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  • Author: Manjola Zaçellari x
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Inclusive education for Roma children in Albania and Belarus (legal situation, accessibility, opportunities to learn in own language and support of ethnic identity)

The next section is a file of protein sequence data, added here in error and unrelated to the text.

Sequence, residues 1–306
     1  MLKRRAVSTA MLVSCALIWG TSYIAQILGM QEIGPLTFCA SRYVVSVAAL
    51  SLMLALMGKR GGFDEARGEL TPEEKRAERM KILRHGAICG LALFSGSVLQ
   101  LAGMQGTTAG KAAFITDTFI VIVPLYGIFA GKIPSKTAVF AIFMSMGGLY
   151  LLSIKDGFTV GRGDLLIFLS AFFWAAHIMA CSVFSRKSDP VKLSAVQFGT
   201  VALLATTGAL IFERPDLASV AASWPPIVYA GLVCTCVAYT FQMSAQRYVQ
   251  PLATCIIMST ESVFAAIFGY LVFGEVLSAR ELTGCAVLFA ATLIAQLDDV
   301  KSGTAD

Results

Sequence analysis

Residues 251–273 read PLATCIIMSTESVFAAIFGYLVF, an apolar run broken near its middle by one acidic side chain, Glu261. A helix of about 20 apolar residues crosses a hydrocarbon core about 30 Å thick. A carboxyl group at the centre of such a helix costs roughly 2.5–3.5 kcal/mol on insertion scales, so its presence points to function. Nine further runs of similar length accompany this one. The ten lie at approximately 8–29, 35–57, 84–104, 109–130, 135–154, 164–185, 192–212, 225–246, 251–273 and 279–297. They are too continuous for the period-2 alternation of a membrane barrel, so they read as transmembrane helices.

This article is devoted to the analysis of the situation regarding the education of Roma children in Albania and Belarus, evidencing the similarities and differences in legislation and policies in both countries, aiming at highlighting the best practices for each state. The study also analyses whether there is any real approach for inclu­sive education, despite the legislation in force in both countries, as well as evaluating the next steps to be followed for achieving inclusive education for Roma children, whether as part of a minority group or not. Inclusive education is the main focus of those European policies and legislation that guarantees the right to education to everyone. Vulnerability and marginalization are present in all countries. Even the more developed societies have categories of their population that are defined as vulnerable or marginalized. They may not suffer from poverty, but other factors, such as disability or linguistic/ethnic particularities can be sources of marginalization and underachievement. Every human being is different. Because of this diversity, the law should find ways of treating everybody as equal, and with the same access to education and to every other human right. One of the main causes of discrimination and lack of access to education is being a member of a minority group, especially those ones which are not fully recognised as national minorities, such as the Roma. After the fall of communism in Albania, the transitional period towards a democratic system affected the right to education for Roma children, making them suffer from a lack of access to education. The same is reflected in Belarus, where the right to education for Roma children is more protected by non-governmental organizations rather than the state. Treating Roma children with equal access to education will not only help this marginalized group, but also the whole of society by accepting the differences as a normal phenomenon.

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